"When does the Minister envisage Ukraine becoming a member of the European Union? [ Interruption. ] “Not too soon,” I heard someone say. Has the economic crisis in Ukraine delayed that country’s entry into the European Union?

Caroline Flint: Ukraine will become a member of the EU when it meets all the requirements, and that is a matter for Ukraine. With the eastern partnership being launched, it is important for Ukraine to show that it is ready to reform and to find a consensus across the political divide to move forward on an issue that is very popular among the Ukrainian people, namely joining the EU."

Mark Lancaster, a Shadow International Development Minister, was exercised about Sri Lanka:

"The Minister of State, Foreign and Commonwealth Office (Bill Rammell): We have become increasingly concerned about the humanitarian situation in northern Sri Lanka and in particular about the fate of the many civilians caught in the conflict area. We have made repeated calls on both the Sri Lankan Government and the Liberation Tigers of Tamil Eelam to agree an urgent humanitarian ceasefire to allow civilians to leave the conflict area safely and for increased humanitarian supplies to be brought in.

Mr. Lancaster: One of the great tragedies of the conflict has been the loss of civilian life, particularly in the so-called Government safe zones. Many feel that the only way in which we can have a lasting settlement is if the alleged abuses of human rights are investigated. Does the Minister agree? What action are the British Government taking to ensure that that happens?

Bill Rammell: I agree with the hon. Gentleman. The scale of losses since January this year—more than 2,600 civilians killed, more than 7,000 injured and hundreds of thousands internally displaced—is truly shocking. The UN Commissioner for Human Rights has expressed very serious concerns about the civilians reported killed and injured in the conflict. We are urging all parties to investigate those matters, and we believe fundamentally that there needs to be full and independent investigation."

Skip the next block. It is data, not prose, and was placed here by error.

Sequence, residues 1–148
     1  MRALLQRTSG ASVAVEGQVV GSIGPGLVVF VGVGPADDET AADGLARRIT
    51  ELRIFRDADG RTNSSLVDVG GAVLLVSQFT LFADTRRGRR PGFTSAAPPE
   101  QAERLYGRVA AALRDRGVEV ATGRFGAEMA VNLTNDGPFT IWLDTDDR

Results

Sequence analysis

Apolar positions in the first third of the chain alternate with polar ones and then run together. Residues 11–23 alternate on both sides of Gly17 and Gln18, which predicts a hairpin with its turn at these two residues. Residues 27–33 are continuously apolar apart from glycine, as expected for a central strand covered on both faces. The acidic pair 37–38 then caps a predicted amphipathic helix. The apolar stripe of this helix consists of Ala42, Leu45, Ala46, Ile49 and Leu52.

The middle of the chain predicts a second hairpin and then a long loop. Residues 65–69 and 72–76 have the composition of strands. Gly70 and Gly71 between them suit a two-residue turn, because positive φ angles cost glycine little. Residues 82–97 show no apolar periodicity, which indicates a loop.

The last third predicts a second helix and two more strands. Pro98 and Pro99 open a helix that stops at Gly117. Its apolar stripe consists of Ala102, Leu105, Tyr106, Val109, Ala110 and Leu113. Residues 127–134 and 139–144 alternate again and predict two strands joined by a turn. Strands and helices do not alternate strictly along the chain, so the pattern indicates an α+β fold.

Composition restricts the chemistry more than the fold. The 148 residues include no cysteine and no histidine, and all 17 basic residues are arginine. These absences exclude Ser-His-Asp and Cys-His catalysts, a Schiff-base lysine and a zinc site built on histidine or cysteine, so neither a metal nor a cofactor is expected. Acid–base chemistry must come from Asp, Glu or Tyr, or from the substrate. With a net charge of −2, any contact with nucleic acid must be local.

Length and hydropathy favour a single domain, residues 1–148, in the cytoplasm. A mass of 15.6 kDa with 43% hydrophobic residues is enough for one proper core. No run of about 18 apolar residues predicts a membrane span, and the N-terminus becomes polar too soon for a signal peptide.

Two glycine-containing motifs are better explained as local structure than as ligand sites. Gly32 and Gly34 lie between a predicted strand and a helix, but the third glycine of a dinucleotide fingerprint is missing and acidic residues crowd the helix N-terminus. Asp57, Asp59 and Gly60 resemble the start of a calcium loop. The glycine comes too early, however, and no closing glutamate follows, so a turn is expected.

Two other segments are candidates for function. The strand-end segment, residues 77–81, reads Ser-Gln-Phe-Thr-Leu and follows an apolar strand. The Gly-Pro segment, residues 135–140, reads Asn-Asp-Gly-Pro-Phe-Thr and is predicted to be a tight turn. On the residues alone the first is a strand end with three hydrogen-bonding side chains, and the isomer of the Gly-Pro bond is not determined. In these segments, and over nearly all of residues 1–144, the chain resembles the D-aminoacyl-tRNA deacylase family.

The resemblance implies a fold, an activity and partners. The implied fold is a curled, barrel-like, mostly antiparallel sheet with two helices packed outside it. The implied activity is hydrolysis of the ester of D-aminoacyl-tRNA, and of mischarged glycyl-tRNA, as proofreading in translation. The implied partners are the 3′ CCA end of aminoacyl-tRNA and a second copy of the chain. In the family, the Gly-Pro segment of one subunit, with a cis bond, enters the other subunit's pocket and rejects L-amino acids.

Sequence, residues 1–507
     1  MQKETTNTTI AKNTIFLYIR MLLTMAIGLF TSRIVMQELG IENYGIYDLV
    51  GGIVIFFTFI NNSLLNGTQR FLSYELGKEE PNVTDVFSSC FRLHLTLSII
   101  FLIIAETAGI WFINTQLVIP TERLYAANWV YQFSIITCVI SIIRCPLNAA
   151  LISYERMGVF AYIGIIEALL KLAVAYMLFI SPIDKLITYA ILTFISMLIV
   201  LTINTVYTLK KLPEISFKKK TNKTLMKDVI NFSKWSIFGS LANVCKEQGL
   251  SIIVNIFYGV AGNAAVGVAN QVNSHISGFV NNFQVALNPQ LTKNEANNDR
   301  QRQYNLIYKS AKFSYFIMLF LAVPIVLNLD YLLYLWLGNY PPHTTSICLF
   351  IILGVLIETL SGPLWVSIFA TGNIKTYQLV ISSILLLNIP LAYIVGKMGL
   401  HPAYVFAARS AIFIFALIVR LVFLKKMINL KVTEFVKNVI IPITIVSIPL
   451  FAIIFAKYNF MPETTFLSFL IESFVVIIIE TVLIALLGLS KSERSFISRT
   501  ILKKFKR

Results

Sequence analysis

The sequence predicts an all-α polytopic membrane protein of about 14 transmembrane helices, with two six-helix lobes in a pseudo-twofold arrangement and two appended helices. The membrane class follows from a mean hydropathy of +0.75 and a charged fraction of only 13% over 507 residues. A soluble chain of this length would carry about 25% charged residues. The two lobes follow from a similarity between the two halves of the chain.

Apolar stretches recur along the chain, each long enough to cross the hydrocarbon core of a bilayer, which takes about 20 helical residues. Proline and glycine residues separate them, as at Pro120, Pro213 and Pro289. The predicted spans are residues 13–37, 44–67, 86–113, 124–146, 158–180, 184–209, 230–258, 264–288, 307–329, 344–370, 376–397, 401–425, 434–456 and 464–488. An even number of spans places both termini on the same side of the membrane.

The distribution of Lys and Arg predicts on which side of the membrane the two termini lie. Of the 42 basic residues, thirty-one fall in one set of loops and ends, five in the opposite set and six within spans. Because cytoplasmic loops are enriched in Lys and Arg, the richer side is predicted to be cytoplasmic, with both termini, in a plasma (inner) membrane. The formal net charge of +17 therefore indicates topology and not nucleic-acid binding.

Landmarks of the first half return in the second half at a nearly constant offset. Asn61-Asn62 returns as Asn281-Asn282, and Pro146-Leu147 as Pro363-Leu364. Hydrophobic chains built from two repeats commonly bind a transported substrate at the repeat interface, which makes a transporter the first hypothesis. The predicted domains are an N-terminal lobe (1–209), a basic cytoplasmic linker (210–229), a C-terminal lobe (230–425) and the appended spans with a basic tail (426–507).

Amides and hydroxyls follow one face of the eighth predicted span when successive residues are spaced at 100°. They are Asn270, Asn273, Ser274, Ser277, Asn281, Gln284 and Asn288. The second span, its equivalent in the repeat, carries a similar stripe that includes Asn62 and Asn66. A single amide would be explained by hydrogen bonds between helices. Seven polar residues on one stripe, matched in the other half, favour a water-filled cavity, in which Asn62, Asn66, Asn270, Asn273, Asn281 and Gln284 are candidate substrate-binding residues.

Opposition Whip Michael Fabricant came in on the same matter:

"The Minister has rightly identified the problem in northern Sri Lanka with the Tamils, but is he aware that in parallel with all that is the persecution—I think that is the right word to use—of journalists in the Sri Lanka Broadcasting Corporation and in national newspapers in Colombo What steps can the Government take to try and protect journalists and ensure that journalists can speak out and speak the truth?

Bill Rammell: We have the power of advocacy, but we do not have the ability to mandate actions on the ground. Nevertheless, the aspect that the hon. Gentleman has identified is a matter of the highest priority. The attacks and threats to journalists, members of civil society and others is extraordinarily concerning, as is the culture of impunity. We have urged and continue to urge the Government of Sri Lanka to do everything possible to investigate such instances and ensure that those responsible are brought to justice."

Sleaford and North Hykeham MP Douglas Hogg warned against unilateral action by Israel:

"We are right to be very concerned about Iranian nuclear ambitions; so, too, are the Government of Israel. However, does the hon. Gentleman accept that it is important that we should stress to Mr. Netanyahu and the Israeli Government that their interests are best served by working in concert with the United States and the European Union, rather than by contemplating any unilateral action on their own part?